Buyer Excitement Forces Ford To Cut Off Orders For The Sought-After Maverick
When was the last time you heard of a manufacturer cutting off orders because it has hit the buildout bump stop? It's not something that you even read about every day, but that is the situation at Ford where the automaker has cut off orders for its highly sought-after small, affordable pickup, the Maverick.
It is little wonder that the Maverick is popular as it has already won major awards.
Whether it is major award like the North American Truck/Car Award of the Year or another award or KBB Honors the Maverick is a solid pickup.
Maverick Becomes An Instant Hit
Ford rolled out the Maverick last spring. It was an instant hit. It is the only pickup on the market with a base model at a base price in the mid-$20s. The base price, alone, sparked massive interest in the unibody-construction pickup. Like its Bronco counterpart, the Bronco Sport, the Maverick uses unibody-construction techniques. The result is a very stable package.
Ford's move to curtail customer orders is highly unusual, according to the online forum, the Mavericktruckclub.com notes. The site says it is a "sign that American shoppers are hungry for more-affordable options as prices for new cars and trucks hit new records, and availability remains" low on dealer lots.
On Monday, Ford dealers heard from the automaker about the halt in customer orders, and the automaker blamed it on the strain it faced trying to meet customer demand. According to the Wall Street Journal, Ford noted that order-taking will resume for the 2023 Maverick during the summer.
"We didn't want to take more orders than we could build," said Dean Stoneley, general manager of Ford trucks. "We're getting customers who would have perhaps bought a used car and are now buying the Maverick because it is so affordable."
Vehicle Price Rise Leaves Few Entry-Level Choices
The "strong reception for the Maverick … comes as" vehicles prices have risen sharply, leaving few entry-level choices for customers, dealers and analysts told the Maverick forum\
Even before pandemic-related semiconductor shortages and other disruptions had caused manufacturers to cut back on their new-vehicle production schedules and had thus sent vehicle pricing rocketing skyward, new-vehicle prices were already up sharply. J.D. Power, a research firm, put the average price increase jump at 13 percent, reaching an average of $40,457.
Indeed, dealers are struggling to rebuild their inventories as the industry continues to be affected by the ongoing semiconductor shortage. It is more challenging for shoppers to afford new wheels for customers than ever. Against this background, Ford dealers told the forum that the Mavericks that arrive on their lots already are effectively not there, earmarked, as they are, earmarked for customers who preordered them.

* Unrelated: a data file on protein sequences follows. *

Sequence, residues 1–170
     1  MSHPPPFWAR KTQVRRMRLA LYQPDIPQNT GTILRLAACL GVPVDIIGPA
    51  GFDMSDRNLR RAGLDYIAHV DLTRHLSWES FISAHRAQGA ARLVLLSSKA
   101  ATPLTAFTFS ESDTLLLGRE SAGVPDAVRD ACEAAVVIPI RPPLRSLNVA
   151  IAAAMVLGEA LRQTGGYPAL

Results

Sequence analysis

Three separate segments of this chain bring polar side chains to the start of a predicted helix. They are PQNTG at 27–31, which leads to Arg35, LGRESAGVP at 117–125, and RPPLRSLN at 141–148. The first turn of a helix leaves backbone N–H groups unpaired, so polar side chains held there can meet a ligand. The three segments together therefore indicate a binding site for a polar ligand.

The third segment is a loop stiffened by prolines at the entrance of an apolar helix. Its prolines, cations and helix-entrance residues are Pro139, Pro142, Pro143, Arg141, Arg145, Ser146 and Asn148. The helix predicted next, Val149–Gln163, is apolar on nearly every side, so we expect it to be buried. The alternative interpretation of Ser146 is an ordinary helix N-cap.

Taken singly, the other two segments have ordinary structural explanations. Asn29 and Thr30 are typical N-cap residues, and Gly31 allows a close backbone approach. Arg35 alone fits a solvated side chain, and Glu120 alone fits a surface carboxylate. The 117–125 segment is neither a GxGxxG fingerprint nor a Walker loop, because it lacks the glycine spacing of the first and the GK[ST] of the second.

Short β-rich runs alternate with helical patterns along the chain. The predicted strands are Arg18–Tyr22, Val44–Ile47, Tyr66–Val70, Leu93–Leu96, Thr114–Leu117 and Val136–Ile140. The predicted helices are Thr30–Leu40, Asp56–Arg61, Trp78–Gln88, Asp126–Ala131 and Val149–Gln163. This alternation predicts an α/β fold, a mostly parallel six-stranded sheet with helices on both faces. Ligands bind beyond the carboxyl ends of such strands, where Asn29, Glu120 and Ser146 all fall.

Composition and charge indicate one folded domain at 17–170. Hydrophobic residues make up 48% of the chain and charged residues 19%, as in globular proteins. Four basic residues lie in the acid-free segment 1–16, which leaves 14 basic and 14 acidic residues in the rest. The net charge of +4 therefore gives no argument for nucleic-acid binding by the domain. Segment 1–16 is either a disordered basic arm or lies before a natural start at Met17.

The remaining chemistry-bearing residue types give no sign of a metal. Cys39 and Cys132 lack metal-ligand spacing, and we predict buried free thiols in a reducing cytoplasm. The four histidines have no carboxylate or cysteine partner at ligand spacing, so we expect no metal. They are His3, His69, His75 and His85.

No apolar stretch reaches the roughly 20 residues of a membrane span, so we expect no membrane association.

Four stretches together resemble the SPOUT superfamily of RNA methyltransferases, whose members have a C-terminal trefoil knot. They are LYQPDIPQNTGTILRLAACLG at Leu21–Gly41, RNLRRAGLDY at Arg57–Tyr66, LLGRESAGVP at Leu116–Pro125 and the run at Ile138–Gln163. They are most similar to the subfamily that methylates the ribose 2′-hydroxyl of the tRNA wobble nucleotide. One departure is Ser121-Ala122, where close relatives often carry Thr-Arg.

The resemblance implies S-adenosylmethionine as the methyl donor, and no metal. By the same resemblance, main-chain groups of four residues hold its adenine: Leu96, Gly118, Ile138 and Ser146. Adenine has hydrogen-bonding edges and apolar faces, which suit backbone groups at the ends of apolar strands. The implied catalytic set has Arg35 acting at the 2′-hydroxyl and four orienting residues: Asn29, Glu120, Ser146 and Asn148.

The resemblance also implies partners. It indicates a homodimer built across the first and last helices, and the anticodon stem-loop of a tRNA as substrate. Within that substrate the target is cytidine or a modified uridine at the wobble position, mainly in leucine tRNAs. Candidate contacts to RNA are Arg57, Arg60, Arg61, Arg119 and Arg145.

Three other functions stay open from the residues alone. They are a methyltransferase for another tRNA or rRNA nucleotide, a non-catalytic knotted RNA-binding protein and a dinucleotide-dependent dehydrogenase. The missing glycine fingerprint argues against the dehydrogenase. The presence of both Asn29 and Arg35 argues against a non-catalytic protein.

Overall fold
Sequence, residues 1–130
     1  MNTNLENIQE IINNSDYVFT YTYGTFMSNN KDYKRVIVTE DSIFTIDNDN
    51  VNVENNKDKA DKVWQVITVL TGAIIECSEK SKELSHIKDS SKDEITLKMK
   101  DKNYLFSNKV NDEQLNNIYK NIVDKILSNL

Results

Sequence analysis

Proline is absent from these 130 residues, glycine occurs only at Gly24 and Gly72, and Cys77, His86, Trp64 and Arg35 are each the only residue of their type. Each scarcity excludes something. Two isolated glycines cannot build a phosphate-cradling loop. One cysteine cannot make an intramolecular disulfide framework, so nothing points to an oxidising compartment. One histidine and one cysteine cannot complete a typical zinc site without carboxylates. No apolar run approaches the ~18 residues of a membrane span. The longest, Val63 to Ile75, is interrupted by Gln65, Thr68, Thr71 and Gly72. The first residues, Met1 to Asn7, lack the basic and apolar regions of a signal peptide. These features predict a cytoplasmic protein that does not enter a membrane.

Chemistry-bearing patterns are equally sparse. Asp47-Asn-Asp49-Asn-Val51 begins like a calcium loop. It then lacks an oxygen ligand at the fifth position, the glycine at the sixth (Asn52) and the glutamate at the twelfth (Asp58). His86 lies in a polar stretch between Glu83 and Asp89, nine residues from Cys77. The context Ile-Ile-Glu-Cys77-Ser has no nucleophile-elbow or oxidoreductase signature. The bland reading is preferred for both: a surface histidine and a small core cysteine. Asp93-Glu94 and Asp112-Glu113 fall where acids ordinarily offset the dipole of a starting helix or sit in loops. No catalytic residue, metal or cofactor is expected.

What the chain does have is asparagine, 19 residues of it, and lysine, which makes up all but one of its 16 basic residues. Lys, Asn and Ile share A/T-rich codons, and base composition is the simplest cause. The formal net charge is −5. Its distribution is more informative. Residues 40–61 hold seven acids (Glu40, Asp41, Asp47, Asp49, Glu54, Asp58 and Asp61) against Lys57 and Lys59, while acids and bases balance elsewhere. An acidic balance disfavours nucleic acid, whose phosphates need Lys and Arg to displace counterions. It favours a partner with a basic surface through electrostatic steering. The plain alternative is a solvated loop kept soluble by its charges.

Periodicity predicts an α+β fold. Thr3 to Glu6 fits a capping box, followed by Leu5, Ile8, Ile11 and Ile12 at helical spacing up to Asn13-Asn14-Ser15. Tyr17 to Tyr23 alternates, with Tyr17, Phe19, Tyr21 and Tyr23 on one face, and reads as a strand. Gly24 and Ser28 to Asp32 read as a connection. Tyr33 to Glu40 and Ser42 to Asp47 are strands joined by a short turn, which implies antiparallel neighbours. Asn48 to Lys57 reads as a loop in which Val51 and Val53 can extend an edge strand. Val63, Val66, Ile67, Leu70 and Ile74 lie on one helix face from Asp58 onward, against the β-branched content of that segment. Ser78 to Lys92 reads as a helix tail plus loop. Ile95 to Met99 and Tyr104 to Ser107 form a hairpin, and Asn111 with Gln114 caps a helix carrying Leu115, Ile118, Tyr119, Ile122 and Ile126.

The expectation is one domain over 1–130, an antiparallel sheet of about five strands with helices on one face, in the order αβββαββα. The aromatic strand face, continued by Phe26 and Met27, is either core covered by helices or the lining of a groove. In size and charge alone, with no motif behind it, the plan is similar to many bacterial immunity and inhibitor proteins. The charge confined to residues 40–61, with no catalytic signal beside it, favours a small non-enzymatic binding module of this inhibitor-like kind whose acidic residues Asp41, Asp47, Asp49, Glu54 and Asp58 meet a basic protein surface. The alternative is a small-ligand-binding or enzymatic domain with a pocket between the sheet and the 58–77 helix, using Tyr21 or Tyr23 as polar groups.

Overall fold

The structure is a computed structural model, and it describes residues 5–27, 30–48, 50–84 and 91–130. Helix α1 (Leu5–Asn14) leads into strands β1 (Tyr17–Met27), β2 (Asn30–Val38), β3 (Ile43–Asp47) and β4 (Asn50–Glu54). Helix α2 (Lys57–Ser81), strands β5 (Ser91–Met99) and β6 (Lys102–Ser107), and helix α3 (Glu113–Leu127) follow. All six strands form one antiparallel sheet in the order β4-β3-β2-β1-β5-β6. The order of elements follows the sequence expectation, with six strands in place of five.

Shutting off customer orders is unusual, said Chris Lemley, president of Sentry Auto Group, a Boston-area Ford-Lincoln-Mazda dealership. "But it's appropriate under the circumstances to avoid customer disappointment." Most Mavericks are selling in the mid-to high-$20,000 range, Mr. Lemley said. "We desperately needed something in that price range," he said.
Ford's decision to roll out the Maverick couldn't have happened at a more opportune time. The automaker needed an affordable alternative. The F-150s and other pickups that dominate the market are expensive, often starting at well over $50,000, and this has led many truck buyers to migrate to the Maverick.
Ford Drops Affordable Cars From Lineup
Last fall, Maverick's introduction of an affordable pickup followed the automaker's decision to eliminate affordable vehicles from its product mix four years ago. Cars like the Focus and the Fiesta had served as cheap entry points to Ford's lineup. Though Ford execs called them money losers, the forum noted, they still brought people into the Blue Oval family. Frustrated dealers saw the move as leaving them few options for less than $30,000.
Cox Automotive noted five nameplates in the U.S. now priced at $20,000 or less, down from 19 affordable marques a decade ago. Affordability took a real hit last month. Cox Automotive and Moody's Analytics noted the number of weeks income to purchase a new vehicle hit 43 weeks last month. A decade ago, the number of weeks of income needed to purchase a new car averaged between 32 and 36 weeks. The big jump occurred in 2020.
Also, the average monthly new-vehicle payment rose 20 percent in December to a record $688, Cox said.
Various authorities expect sales of between 80,000 and 95,000 Mavericks this year, rising to 120,000 in 2023. For example, J.D. Power expects Ford to sell at least 80,000 Mavericks in the U.S. this year. AutoPacific believes Maverick sales will be about 95,000 this year, rising to 120,000 in 2023.
Ford Intros Well-Received Models
Ford has introduced several well-received new models in the past two years – the Mustang Mach-E, the Maverick, the Transit Connect, and F-150 Lightning. They have given the automaker a real boost.
Marc Stern has been an automotive writer since 1971 when an otherwise normal news editor said, "You're our new car editor," and dumped about 27 pounds of auto stuff on my desk. I was in heaven as I have been a gearhead from my early days. As a teen, I spent the usual number of misspent hours hanging out at gas stations Shell and Texaco (a big thing in my youth) and working on cars. From there on, it was a straight line to my first column for the paper, "You Auto Know," an enterprise that I handled faithfully for 32 years. Not many people know that I also handled computer documentation for a good part of my living while writing YAN. My best writing, though, was always in cars. My work has appeared in Popular Mechanics, Mechanix Illustrated, AutoWeek, SuperStock, Trailer Life, Old Cars Weekly, Special Interest Autos, etc. You can follow me on: Twitter or Facebook.